The oxidation states of $sp^2$ and $sp^3$ carbon in ethanoic acid are $-3$ if we do not consider the electronegativity difference of these two carbons due to their different hybridisation but this is not the case with the thiosulphuric acid ($\ce{H2S2O3}$); here the oxidation states of sulphur here are +6 and -2. So why are we considering the electronegativity difference of two $sp^3$ and $sp^2$ sulphurs here?

Thiosulfuric acid ethanol

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    $\begingroup$ Welcome to Chemistry! This seems like a homework question. We ‎have a policy which states that you should show your thoughts and/or efforts into solving the ‎problem. It'll make us certain that we aren't doing your homework for you. Otherwise, this ‎question may get closed. $\endgroup$ – bon Jan 31 '16 at 14:08

Typically when figuring oxidation state of an atom, electronegativity of different atoms of same element is considered equal. This means that in thiosulphate oxidation state of central sulfur would be somewhere around 4.

However! Let us condider a very tricky case: ozone. Technically it consists of atoms of same element and the oxidation state of oxygen atoms should be zero. But ouch, auch, the central atom bears full positive chanrge in all feasible structures.... So, should ozone, disregarding electron shifts in covalent bonds, have oxidation state of atoms +1 (for central atom) and -1/2 (for two other atoms)? But this doesn't make much sense. This is a place where oxidation state abstraction breaks.

So, there are situations when oxidation state abstraction doesn't make much sence.

Thiosulphate is somewhate similar. The central sulfur behaves very muc like sulfur in sulfate, so by analogy it should be in +6 oxidation state. However, formally it is not the case. Here a clear conflict between formal abstraction and real life occurs, so people cope with it variously. One possibility is to arbitrarily say that the central sulfur of thiosulfate is in +6 oxidation state (and it makes sence). Another is to go formally (and it also makes sense). I saw both options in the wild.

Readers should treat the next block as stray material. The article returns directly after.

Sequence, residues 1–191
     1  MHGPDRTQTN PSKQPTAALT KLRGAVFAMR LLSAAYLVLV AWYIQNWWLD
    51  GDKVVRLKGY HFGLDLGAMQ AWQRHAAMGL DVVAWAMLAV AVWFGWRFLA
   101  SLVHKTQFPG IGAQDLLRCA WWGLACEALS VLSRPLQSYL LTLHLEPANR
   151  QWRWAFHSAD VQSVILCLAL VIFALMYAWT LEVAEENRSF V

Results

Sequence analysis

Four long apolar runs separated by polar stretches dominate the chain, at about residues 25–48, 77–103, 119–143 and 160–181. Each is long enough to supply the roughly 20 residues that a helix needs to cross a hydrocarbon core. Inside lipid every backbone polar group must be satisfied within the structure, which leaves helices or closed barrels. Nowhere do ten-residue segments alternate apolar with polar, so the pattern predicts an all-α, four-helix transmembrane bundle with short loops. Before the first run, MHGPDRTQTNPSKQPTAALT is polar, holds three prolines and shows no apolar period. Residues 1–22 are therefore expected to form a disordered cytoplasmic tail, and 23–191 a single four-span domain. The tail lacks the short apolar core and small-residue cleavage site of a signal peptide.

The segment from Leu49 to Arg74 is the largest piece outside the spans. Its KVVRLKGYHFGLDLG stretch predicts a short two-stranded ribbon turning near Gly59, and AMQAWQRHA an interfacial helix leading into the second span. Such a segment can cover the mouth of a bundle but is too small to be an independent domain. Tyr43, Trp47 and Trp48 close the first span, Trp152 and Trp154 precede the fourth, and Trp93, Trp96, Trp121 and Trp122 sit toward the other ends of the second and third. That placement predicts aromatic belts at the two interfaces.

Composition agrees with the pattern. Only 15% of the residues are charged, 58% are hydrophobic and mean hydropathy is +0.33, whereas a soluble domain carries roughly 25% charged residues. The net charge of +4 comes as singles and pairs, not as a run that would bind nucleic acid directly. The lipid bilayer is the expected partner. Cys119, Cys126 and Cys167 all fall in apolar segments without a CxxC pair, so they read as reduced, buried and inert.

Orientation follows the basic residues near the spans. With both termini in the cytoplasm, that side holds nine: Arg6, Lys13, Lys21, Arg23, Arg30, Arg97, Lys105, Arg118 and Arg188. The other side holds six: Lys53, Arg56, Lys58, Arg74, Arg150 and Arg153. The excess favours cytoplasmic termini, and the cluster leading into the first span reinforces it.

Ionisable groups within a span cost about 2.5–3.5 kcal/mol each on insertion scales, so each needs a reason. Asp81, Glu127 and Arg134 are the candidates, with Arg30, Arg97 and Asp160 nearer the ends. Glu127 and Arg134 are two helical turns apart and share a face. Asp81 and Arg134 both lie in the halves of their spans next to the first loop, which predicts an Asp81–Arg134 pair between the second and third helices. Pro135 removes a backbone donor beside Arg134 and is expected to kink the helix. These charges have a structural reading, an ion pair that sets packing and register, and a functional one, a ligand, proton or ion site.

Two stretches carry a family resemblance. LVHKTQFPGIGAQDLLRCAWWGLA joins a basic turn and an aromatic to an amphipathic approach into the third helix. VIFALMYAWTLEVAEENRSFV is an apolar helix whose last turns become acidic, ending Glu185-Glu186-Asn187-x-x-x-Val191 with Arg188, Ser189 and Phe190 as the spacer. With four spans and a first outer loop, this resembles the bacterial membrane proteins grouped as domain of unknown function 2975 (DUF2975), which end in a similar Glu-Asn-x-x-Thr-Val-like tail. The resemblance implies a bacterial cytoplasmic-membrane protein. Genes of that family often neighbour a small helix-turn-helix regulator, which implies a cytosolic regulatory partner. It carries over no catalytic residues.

TL;DR : formally the central sulfur in thiosulphate is +4; but people sometemes disregard it as the ion is very similar to sulphate with central sulfphur atom being +6.

  • $\begingroup$ by your explanation it seems that it is some kind of trend that had been set earlier and is followed widely irrespective of definition of oxidation state in some cases like thiosulphuric acid and ethanoic acid ? am i correct ??chemistry.stackexchange.com/users/485/permeakra $\endgroup$ – Kumar Gaurav Feb 11 '16 at 6:58
  • $\begingroup$ @KumarGaurav It's not so much widespread, but it happens. For example, PH3, AsH3 and SbH3 are typically considered as 'reduced' -3 compounds, despite that hydrogen have electronegativity slightly above that of the elements in question. $\endgroup$ – permeakra Feb 11 '16 at 7:33
  • $\begingroup$ @KumarGaurav ethanoic acid is not the case, though. It is typically considered to have -3 and +3 carbons. $\endgroup$ – permeakra Feb 11 '16 at 7:36

An sp2 carbon is more electronegative than an sp3 carbon but we generally don't consider the electronegative difference of the carbons while calculating the oxidation state.

Carbon is more electronegative than hydrogen hence the sp3 carbon will take the electrons from the hydrogen.

Oxidation state of sp3 carbon = $3(-1)= -3$

The sp2 carbon has a double bonded oxygen which is more electronegative than the carbon hence the carbon atom will lose 2 electrons to the oxygen. The oxygen of the OH group will also steal an electron from carbon hence giving a total of +3 oxidation state to the carbon.

Oxidation state of sp2 carbon = $2(+1) + 1(+1) = 3$

  • $\begingroup$ exactly , just opposite in the of H2S2O3 (thiosulphuric acid) ,we consider the electronegativity difference of these two sp3 and sp2 sulphur ; why this kind of irregularities is practised in carbon? $\endgroup$ – Kumar Gaurav Feb 1 '16 at 4:06
  • $\begingroup$ why we don,t consider the electronegativity difference of carbons here (being sp2 and sp3 hybridised ) $\endgroup$ – Kumar Gaurav Feb 1 '16 at 8:58

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